More suicides have occurred in Walla Walla County so far in 2019 than in any year since 2014, according to officials. And coincidentally, county organizations are providing a public suicide awareness program this week.
Eleven people have killed themselves this year, according to Walla Walla County Coroner’s Office Administrative Assistant Alyssa Wells, and four of those occurred within a week, from Sept. 11-18. In 2018, there were seven suicides, she said, and six of those had happened by this same time last year. The worst year since Walla Walla County Coroner Richard Greenwood took office eight years ago was in 2014, she said, when there were 13 suicides.
The apparent uptick in suicides was unrelated to a Zero Suicide event planned for Thursday and Friday at Whitman College, organizers said.
“This is not in response to increase in the number of individuals dying by suicide, however it is to support suicide prevention month and to better equip providers and community members on matters that are related to mental health,” said Meghan DeBolt, Walla Walla County Department of Community Health director and event co-organizer. “We know some of our community members are suffering and we want to be able to support one another.”
September is National Suicide Prevention Awareness Month, which is meant to “shed light on this highly taboo and stigmatized topic,” according to the National Alliance on Mental Health’s website. Helping provide information is important due to the suicide uptick, it said. In fact, suicide rates increased more than 30% in half of the states between 1999 and 2016, according to the Centers for Disease Control and Prevention’s website. And, 54% who died by suicide didn’t have a known mental illness. Another possibly little-known fact is suicide deaths have outnumbered homicides. In Washington, 1,136 people died from suicide in 2015, compared to 236 by homicide, according to the Washington State Department of Health’s website. In Walla Walla, there were six suicides and four homicides that year.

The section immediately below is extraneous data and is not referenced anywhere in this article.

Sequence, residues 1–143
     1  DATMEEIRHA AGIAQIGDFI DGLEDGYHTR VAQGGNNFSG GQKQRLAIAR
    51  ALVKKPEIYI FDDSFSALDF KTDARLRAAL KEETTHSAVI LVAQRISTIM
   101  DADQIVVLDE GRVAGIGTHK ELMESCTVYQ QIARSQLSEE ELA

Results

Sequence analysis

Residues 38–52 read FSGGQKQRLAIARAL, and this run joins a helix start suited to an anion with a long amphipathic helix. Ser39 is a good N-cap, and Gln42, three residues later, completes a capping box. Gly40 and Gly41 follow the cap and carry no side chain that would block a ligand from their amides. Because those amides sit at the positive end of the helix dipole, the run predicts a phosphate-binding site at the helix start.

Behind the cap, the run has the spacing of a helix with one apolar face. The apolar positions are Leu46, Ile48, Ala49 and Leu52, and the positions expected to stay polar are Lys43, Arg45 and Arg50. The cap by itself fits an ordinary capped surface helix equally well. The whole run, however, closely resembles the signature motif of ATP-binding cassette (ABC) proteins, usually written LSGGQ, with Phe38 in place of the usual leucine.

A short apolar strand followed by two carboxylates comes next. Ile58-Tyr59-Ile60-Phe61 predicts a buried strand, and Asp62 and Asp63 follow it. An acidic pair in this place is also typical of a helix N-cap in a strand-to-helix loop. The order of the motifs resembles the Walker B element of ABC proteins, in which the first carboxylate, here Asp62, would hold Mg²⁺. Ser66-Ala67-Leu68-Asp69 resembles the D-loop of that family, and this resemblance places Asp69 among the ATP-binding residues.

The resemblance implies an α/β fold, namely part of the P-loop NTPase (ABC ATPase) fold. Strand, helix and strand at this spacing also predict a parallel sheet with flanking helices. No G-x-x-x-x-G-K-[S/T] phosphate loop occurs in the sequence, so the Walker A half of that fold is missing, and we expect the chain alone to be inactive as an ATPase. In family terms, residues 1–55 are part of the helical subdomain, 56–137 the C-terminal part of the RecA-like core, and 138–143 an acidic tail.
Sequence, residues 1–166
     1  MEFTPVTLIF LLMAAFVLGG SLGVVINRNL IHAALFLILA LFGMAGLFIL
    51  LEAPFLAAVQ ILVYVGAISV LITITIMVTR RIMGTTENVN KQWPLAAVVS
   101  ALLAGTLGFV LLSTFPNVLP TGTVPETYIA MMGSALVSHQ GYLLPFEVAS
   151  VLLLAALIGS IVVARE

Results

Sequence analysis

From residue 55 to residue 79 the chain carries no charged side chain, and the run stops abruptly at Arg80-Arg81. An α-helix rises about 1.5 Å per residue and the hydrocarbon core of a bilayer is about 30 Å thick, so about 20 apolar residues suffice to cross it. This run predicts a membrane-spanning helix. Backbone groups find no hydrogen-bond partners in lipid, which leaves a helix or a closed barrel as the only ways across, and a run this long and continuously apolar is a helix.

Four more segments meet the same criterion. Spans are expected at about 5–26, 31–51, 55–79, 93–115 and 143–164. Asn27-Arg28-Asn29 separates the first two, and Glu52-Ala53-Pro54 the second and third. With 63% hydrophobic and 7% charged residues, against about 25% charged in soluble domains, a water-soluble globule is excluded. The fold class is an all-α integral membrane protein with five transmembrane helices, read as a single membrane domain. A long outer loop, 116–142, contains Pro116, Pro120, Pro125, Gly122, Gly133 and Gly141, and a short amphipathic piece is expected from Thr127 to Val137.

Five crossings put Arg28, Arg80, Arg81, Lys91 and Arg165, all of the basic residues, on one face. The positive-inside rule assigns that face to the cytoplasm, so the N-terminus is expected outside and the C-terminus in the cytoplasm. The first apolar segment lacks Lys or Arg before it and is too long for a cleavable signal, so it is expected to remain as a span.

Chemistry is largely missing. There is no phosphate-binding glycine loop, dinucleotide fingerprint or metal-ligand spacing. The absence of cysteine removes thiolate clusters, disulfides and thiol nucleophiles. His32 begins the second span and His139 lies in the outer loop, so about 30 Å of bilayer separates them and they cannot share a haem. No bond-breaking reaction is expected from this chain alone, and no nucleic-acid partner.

Rebecca Betts, a nurse/population health manager at Providence Medical Group and co-organizer of this week’s event, echoed NAMI’s statements and pointed to possible causes.
“Life expectancy in the U.S. decreased for the first time in two decades, largely because of drug overdose, alcohol-related deaths and suicide,” Betts wrote in an email, adding mental health was “a signature issue and as a healthcare organization we are committed to ‘Reduce Deaths of Despair,’ which includes the aspiration goal of Zero Suicide.”
She said she met Dr. Justin Coffey, speaker for this week’s event, last year in Seattle, and he led an “internationally acclaimed initiative to eliminate suicide” in medical settings. Walla Walla suicide prevention group REACH OUT! then invited Coffey to Walla Walla as part of area organizations’ events for the month, she said.
“The beauty of this event is that it is a true community partnership of the Greater Columbia Accountable Communities of Health, Providence Medical Group, Walla Walla County Department of Community Health, REACH OUT! and Whitman College,” Betts wrote. “This is a public health approach to suicide prevention. Public health values a multi-agency collaboration to enrich and strengthen the solutions of the suicide epidemic.”